Charles Tomkins, a Métis Cree Code Talker from Grourd, Alberta, was enlisted in the secret operation while he was already in the army. He was chosen to participate in the operation of coding messages for the Air Force because of his extensive knowledge of both English and Cree. His parents taught him Cree from a young age and it was important to his family. He was tested on his Cree in London, England before joining the front.

Cree Code Talkers were sworn to secrecy during and after their involvement of the Second World War. Because of this, many Cree Code Talkers remained unknown to the public. Before his death, Charles Tomkins named several people that participated in the secret program. This included Walter McDermott, Peter Tomkins (Charles’ brother), John Smith (Charles’ half-brother) and Archie Plante (Charles’ friend). It is important to note that the people Charles named were from his home territory and spoke the same dialect.

Were they successful?

The simple answer is yes! Cree Code Talkers, as well as those who spoke other Indigenous languages such as Ojibwe, Comanche, and Navajo, were successful in coding messages without being discovered. Many of the Cree Code Talkers were tasked with coding messages for bombing runs and air missions.

Challenges Faced as a Cree Code Talker

Residential schools across Turtle Island were well established for many years preceding and during the Second World War. Indigenous children were sent to schools, often far away from their home territory and community, and forced to conform to Euro-centric ways of society. This included the forced assimilation of language and Indigenous culture, replaced with English and French and non-Indigenous ways of living.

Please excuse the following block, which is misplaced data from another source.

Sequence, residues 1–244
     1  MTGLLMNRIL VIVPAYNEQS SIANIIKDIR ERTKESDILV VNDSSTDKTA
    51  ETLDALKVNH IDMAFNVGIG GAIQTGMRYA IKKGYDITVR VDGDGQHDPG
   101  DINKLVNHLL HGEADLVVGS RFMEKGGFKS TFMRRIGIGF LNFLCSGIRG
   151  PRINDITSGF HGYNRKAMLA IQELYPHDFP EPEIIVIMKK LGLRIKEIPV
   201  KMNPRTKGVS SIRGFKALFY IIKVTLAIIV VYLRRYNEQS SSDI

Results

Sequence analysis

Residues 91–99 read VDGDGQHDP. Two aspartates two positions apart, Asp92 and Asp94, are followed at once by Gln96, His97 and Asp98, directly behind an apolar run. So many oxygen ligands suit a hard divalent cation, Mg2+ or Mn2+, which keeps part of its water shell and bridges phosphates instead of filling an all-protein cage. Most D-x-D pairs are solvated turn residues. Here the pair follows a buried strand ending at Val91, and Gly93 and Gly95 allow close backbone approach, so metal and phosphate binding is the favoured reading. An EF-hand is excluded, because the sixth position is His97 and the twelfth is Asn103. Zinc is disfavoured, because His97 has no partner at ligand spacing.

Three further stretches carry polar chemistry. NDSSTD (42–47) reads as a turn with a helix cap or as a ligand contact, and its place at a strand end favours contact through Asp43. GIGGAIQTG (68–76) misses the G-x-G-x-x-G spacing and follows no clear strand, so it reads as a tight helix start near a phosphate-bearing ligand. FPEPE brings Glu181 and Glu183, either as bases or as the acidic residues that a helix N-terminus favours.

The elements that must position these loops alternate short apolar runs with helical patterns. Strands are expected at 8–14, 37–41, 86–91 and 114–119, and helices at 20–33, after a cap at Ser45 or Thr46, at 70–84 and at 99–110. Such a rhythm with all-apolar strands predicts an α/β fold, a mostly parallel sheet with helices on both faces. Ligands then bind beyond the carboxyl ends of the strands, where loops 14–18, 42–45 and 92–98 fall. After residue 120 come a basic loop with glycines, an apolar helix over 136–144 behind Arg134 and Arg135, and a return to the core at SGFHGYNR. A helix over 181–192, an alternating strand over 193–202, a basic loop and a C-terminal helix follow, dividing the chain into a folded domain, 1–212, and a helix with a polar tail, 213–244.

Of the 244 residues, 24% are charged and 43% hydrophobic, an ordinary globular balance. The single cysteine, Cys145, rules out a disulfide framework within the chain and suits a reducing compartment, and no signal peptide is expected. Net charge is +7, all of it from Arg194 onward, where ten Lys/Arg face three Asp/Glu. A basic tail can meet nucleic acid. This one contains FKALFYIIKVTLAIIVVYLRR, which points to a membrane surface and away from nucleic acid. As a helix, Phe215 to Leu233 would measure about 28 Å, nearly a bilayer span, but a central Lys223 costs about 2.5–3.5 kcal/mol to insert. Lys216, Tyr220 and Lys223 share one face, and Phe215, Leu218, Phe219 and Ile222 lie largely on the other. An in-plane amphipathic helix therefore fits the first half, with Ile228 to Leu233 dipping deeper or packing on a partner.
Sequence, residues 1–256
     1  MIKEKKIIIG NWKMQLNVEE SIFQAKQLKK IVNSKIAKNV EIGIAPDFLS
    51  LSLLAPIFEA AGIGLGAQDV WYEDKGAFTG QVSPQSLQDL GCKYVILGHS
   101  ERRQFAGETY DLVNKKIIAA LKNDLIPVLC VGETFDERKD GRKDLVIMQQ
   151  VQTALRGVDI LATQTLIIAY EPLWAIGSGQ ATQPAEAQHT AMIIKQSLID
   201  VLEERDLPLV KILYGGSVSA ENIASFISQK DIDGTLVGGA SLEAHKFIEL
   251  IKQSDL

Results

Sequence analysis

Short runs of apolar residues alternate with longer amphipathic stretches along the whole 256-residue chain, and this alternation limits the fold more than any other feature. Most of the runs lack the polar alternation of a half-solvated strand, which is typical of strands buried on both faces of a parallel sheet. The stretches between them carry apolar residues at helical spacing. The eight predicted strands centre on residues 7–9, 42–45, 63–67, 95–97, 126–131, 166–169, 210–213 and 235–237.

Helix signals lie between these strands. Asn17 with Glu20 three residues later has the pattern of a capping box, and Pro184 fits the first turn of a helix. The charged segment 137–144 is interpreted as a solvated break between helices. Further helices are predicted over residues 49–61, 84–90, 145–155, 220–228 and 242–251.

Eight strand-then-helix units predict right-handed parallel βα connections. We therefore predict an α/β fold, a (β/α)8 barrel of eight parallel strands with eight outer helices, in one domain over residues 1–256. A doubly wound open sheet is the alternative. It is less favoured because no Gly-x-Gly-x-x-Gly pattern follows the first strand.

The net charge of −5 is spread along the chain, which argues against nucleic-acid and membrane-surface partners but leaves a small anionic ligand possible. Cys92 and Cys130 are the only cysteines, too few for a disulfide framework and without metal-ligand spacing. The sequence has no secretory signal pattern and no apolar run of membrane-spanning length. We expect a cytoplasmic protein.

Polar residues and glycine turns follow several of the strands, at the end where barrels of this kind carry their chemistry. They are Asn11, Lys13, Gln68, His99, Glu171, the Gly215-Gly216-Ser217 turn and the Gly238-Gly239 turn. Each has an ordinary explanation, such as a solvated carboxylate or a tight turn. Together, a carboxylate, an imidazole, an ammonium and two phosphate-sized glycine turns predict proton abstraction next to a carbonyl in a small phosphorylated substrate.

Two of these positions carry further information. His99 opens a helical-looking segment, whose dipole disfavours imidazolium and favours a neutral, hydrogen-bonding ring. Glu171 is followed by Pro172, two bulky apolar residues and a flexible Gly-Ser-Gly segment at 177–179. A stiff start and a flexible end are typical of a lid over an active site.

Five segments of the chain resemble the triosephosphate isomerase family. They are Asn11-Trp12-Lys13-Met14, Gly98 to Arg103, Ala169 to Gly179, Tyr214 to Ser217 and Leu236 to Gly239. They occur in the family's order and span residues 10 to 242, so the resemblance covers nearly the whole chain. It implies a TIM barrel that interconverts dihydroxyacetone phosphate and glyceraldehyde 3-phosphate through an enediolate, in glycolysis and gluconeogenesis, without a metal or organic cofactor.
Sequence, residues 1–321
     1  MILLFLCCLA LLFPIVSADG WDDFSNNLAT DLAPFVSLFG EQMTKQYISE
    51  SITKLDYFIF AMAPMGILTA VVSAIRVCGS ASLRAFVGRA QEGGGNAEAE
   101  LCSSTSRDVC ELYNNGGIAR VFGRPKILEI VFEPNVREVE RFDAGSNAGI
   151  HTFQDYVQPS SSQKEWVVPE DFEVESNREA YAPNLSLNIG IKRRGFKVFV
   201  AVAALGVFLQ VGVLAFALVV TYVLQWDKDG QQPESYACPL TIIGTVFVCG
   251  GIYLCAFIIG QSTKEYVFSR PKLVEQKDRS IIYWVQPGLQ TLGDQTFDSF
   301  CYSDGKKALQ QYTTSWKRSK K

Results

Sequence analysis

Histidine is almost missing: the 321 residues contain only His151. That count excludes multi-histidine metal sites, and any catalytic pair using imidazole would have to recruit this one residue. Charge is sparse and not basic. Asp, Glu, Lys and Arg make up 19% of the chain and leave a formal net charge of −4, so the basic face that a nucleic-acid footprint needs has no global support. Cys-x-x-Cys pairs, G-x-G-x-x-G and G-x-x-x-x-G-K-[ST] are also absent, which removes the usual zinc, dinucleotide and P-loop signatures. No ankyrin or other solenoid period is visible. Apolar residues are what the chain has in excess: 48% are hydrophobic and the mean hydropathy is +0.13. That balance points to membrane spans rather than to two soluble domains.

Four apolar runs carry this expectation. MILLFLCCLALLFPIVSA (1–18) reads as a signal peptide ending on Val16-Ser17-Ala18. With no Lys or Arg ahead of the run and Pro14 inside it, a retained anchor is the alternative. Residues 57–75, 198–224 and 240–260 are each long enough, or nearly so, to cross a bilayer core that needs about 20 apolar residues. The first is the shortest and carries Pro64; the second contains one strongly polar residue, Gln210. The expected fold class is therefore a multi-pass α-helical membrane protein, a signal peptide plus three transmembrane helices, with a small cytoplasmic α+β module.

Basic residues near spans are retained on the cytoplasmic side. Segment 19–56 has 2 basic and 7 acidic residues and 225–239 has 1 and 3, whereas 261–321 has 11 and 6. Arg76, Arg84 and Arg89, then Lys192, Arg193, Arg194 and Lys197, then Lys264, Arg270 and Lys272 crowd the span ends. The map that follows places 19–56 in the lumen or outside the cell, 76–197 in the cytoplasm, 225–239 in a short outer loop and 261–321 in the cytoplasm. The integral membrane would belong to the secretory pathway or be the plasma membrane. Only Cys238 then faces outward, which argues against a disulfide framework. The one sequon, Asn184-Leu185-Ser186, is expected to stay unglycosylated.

It’s impossible to overstate the impact residential schools have had on Indigenous peoples in Canada. In this case, we can clearly see the intergenerational effect the school system had on Cree people and their language. Through the forced suppression of Indigenous languages, Cree became rare in the mid-20th century. The very reason Cree Code Talkers were successful — because their language was so rare — was a direct result of assimilation policies within Canada and within residential schools.

When the Second World War started, many Indigenous peoples did not join, as many of the treaties stated that they would not have to fight on behalf of the British Crown. This, however, was not realistic to every Indigenous person, and the growing need to provide for their families due to work shortages ultimately encouraged Indigenous peoples to join the war. It has been noted by many Indigenous veterans — not specifically Code Talkers — that they also joined the war to earn favour with non-Indigenous Canadians to have better opportunities after the war. This, however, was not the case. Throughout the years following the war, many Indigenous peoples felt the neglect and hardship from the society they had fought for, and that hardship was felt for many decades. The Canadian government only acknowledged the Cree Code Talkers in 1963 as the records became available. The Cree Code Talkers are still not widely known for their tremendous participation in the Second World War.